The mighty fence hath been restored!
And there was much rejoicing….(Yay!)….
Yes, the contractors arrived bright and early this morning and reassembled the panels that had been dislodged from their posts, using the technique I originally suggested — big freakin’ screws instead of puny nails. The lead contractor told me that they usually nail the panels on so that if someone/something hits a panel at high-speed that only the panel would come down and not the whole fence. I found that quite laughable and even showed him how laughable it was since nothing had hit the fence (except air, or maybe a leaf….perhaps a squirrel) and yet the panels were all falling down.
He admitted he was quite shocked when he arrived and found my custom-made drive-gate was twisted and warped and there was no good explanation for it. So, they poured more concrete into the post holes that had settled and leveled them. They also added more dirt in places that needed it (so glad I saved the huge pile of dirt from the first go-around). And they went to purchase new panels to reconstruct my gate so that it now operates correctly and doesn’t look as if it will allow half of the wildlife of our neighborhood a way into the yard.
The part of today’s adventure that didn’t thrill me was my “alarm” system to let me know when someone unknown has arrived at the house. Since my medication makes me incredibly sleepy each morning, I dozed-off on the couch while waiting for the builders to arrive. Actually, I’d already dozed-off before Youngest Son left for school and he had to wake me to let me know he was leaving so I could watch to make sure he got on the bus. Then I dozed-off again.
Harley, the Schnoodle which is a cross between a poodle and a schnauzer (a terrier), is usually the first part of the “alarm” system. She sits on the couch and watches out the windows or lies beside the door in the dining room so that she can see anyone or anything passing by the house. Her terrier instincts give her the predisposition to growl and grumble at anything walking within her line of sight. It doesn’t have to be on our property — if she can see it and she doesn’t know who it is or what it wants, she doesn’t want it around. Many leaves and bunnies and people walking in the park across the street have been given fair warning from her growling (even though they can’t hear her). It’s her growling that usually alerts Celeste, my trained service dog, to see what the fuss is about and make sure there is no real “threat” to the house or those of us in it, especially me.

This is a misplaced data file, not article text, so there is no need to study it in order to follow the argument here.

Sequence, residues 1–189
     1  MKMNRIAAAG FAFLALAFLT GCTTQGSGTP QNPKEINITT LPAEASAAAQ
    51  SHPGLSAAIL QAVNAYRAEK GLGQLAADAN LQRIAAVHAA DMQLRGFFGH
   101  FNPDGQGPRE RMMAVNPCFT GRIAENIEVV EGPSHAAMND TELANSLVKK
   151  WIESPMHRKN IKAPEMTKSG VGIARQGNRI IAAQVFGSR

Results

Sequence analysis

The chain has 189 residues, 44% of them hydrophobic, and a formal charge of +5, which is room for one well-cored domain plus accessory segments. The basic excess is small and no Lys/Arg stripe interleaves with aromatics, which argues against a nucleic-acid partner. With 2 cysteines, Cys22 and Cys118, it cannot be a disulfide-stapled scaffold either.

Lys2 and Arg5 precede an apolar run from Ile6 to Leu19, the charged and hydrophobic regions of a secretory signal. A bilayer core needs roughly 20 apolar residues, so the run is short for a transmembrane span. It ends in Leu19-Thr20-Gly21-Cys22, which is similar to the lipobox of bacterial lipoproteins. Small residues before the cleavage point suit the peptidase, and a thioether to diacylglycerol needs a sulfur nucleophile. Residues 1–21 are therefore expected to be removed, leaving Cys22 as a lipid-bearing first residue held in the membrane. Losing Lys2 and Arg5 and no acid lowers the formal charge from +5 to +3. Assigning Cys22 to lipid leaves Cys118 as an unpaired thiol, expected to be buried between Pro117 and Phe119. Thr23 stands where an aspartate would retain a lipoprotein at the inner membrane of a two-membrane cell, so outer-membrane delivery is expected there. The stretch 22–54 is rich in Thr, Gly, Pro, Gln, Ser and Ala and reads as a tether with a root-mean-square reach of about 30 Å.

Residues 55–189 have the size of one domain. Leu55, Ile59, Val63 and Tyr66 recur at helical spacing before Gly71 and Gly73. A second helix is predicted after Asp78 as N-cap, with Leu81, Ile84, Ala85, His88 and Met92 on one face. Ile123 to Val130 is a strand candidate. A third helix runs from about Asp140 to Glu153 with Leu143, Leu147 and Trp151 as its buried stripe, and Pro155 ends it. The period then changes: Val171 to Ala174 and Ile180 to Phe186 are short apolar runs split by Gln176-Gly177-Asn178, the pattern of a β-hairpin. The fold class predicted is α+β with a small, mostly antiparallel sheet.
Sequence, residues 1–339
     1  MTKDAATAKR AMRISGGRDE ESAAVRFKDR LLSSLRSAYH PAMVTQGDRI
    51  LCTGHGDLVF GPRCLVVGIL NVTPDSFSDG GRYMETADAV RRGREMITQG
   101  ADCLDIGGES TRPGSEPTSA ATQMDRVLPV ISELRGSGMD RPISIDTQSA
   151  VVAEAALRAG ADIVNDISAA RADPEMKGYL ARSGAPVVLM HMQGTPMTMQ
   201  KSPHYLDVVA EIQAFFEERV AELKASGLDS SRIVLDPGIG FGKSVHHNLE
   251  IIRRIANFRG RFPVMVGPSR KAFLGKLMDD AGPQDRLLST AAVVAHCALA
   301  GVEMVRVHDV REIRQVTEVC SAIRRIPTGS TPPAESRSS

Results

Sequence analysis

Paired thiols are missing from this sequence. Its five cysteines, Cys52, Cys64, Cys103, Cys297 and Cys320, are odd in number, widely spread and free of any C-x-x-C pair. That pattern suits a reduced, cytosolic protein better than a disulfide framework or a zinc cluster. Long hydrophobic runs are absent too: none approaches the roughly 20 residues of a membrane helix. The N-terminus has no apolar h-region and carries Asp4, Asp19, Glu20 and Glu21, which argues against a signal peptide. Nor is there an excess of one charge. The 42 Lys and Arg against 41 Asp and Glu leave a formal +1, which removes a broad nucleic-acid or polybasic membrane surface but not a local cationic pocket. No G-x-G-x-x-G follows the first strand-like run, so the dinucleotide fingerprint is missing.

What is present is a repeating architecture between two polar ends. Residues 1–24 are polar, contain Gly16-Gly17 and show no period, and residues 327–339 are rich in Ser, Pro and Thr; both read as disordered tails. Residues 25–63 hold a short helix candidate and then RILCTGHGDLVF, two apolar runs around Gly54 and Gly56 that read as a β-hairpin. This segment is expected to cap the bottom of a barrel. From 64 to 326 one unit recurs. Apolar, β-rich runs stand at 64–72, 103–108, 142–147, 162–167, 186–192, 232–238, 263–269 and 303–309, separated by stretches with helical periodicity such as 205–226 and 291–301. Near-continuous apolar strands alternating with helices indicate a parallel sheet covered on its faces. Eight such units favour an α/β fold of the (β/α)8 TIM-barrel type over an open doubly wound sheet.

Celeste being a Beauceron definitely classifies her as a large dog. She’s every bit of 85 pounds of muscle and alertness. And she has the traditional markings, cropped ears, and deep stare of a herding dog that usually sends humans walking the other way if she stares them down. But when needed, she can bark and it’s a low, powerful bark that can be heard very well. It’s the combination of Harley, yapping like an idiot and giving an intruder the thought of a small dog that wouldn’t do much harm, and then Celeste’s booming bark, which to someone who’s not heard it would translate to, “I will eat your face off if necessary, and I believe it is,” that makes a wonderful “alarm” system. And it’s proven itself effective, too.
But this morning, when I was sound asleep on the couch in the comfort of knowing that these two loony dogs would do their job and let me know when the contractors arrived, nothing happened. They just sat there. Oh, they may have run to the door and saw the men getting out of the truck with tools and starting to fix the fence — but neither decided to inform me. The incessant yapping and loud barks never came. I was finally awakened by Celeste licking me from chin-to-forehead to wake me up because she wanted to go outside. You can imagine my surprise, as well as the contractors’, when I opened the back door and found their truck parked in my driveway and they found two dogs barreling out the door into the yard to go “walkies.” The guys had been there long enough to remount all of the panels of the fence and neither dog had bothered to let me know.
Once I was awake, however, they wouldn’t leave me alone. You’d think I’d been away on safari and they were just thrilled to see me. When the contractors left to buy more materials, neither dog did anything. But when they returned, both dogs started their yapping and barking as if to say, “See! We are good at this and look at them tremble before us!” There was no trembling — the guys outside had already known to ignore them and went about their work.
Now they’re still sitting and staring at me wondering where their treats are for scaring-away the intruders who simply left on their own after we inspected the fence and made sure the work was done correctly. If it weren’t for that dopey look they get in their eyes at times like this, I’d probably have to be upset. And with one dopey-eyed dog on each side of me, that’s a hard emotion to bring up at the moment.